Magazine article The Spectator

West End Wobbles

Magazine article The Spectator

West End Wobbles

Article excerpt

As yet another Edinburgh Festival (and this at four weeks the longest yet) grinds into action, with the usual overnight sensations which will as always make their way south looking distinctly hung over in about October, those of us left behind in an unusually steam-heated West End may perhaps be forgiven for considering the current state of our London theatres.

Note that plural, for we are not talking art or culture here; we are talking land values and real estate, and specifically the transfer problem at a time when there are increasingly loud rumours that there is a new buyer in the offing for the Playhouse, and a time when many of the aforementioned Edinburgh 1998 shows will soon be looking in vain for a central London home.

By general reckoning, this has been an unusually good summer for the West End, with many more straight plays surviving there than before, many more youthful theatregoers and a general feeling that we are once again going upmarket towards serious new drama and away from quite so many brain-dead musical revivals of one kind or another.

So far, so good; but although the Old Vic appears to have been saved from a threatened takeover by lapdancers, there is still no secure word that its only natural and obvious tenant, Peter Hall, will be able to afford to take his company back there from the cavernous Piccadilly.

This is often reckoned an 'unlucky' theatre, as indeed was the New London, so unlucky that when on the first night of Cats some 15 years ago there was a bomb scare many of my critical colleagues refused to leave, on the grounds that the theatre had never yet had a hit.

Well, Cats has certainly changed all that, but there are still several other supposedly unlucky playhouses and I have to warn potential buyers that the Playhouse has always proved one of them. I know whereof I speak: my grandmother Gladys Cooper was one of its first managers back in the 1920s, and survived only so long as Somerset Maugham was willing to write her a new play every year. Since then, the theatre has enjoyed such varied owners as BBC Radio, Ray Cooney and Jeffrey Archer, but none can be said to have made a fortune there, though Archer was handsome enough to spend one on a major refit about ten years ago.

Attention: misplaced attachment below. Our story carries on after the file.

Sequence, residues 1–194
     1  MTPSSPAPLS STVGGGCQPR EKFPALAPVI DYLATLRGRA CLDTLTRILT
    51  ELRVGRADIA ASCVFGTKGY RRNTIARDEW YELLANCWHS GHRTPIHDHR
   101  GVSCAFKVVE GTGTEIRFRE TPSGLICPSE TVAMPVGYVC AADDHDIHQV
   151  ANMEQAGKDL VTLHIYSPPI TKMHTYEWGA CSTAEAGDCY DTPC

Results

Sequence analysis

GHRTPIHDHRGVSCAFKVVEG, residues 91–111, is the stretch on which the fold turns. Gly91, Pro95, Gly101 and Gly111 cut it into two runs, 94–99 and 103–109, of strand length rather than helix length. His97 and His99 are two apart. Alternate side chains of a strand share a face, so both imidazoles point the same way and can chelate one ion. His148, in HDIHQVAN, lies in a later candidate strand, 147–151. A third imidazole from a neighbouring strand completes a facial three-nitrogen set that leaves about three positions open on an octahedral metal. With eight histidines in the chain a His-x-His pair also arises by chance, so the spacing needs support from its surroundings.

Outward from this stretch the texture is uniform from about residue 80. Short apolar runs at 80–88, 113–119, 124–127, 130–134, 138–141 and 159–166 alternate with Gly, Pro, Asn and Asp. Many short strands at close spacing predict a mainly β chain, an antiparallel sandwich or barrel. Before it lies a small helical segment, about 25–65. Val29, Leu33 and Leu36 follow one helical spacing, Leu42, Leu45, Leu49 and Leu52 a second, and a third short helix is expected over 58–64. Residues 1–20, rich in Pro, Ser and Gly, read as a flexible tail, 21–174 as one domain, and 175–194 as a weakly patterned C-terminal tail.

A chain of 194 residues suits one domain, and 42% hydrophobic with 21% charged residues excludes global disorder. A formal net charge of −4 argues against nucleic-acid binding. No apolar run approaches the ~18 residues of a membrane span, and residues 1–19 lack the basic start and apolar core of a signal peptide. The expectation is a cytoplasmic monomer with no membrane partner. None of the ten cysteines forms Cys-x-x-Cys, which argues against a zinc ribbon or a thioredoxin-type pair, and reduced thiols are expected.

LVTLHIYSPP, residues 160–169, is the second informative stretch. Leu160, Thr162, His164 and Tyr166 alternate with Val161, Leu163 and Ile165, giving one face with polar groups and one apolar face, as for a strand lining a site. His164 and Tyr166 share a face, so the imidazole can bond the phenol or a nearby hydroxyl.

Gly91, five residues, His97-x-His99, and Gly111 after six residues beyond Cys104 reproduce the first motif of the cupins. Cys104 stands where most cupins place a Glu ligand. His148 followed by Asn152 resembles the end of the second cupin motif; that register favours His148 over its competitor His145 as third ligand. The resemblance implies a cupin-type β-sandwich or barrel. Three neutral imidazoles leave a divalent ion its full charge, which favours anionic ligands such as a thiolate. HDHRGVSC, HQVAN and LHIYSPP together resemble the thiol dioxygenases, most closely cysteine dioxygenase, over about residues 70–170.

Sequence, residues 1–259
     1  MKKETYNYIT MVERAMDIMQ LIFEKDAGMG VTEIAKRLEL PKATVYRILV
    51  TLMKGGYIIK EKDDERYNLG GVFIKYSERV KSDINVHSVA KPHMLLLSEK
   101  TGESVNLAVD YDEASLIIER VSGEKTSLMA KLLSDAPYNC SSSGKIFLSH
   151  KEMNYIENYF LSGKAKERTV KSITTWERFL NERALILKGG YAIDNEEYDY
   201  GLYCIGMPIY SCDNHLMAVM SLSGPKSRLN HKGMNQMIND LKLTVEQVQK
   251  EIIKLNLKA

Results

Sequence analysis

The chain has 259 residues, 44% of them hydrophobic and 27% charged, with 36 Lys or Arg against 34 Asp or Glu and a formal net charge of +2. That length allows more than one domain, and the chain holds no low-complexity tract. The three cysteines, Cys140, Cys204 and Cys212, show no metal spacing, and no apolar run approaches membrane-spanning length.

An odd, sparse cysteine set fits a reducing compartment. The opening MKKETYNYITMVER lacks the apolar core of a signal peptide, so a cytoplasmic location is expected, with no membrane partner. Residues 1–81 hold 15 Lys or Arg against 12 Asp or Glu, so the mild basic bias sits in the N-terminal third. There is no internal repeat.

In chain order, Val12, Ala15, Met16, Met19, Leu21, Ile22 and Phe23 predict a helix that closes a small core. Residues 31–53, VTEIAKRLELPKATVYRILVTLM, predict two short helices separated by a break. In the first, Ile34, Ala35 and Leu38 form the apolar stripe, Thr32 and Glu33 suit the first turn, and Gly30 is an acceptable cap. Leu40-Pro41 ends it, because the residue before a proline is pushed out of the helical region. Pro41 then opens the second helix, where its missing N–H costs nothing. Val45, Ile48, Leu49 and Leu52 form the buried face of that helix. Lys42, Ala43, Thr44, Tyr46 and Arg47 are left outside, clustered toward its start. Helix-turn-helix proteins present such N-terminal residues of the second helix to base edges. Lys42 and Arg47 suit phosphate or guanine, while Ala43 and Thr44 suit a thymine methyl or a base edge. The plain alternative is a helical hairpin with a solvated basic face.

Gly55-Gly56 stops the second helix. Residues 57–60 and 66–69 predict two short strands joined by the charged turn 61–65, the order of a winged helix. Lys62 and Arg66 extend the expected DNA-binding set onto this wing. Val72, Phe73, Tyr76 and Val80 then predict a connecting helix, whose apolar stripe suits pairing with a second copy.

Just why the Playhouse should always have proved so problematic, when it is on the Embankment, has excellent parking and a good in-house restaurant, has never been entirely clear, though it is by no means alone. The Whitehall, just on the wrong side of Trafalgar Square, has seldom thrived since Lord Rix last dropped his trousers there in farce 30 years ago, and is now largely given over to television chatshows; then again the Shaftesbury can often prove a nightmare to programme, and the Royalty has disappeared forever into the London School of Economics.

Even the landmark buildings are not always so secure; who now, in the rubble of Covent Garden and Sadler's Wells and the Royal Court, is really confident of the phoenix rising from the ashes? And talking of the Phoenix that too was going through a bad time until Bill Kenwright put Blood Brothers in there a decade ago.

The theatres most in demand are, now and forever, those on Shaftesbury Avenue and St Martin's Lane, or those that can accommodate huge musicals, be they the Palladium or Drury Lane; even if Sir Cameron Mackintosh should ever flag, there will always be Broadway and even Hollywood blockbusters waiting to get in there -- indeed, the queue is already so long that many other producers have lately had to trek out to Labbat's Apollo in Hammersmith in search of a big-band base. …

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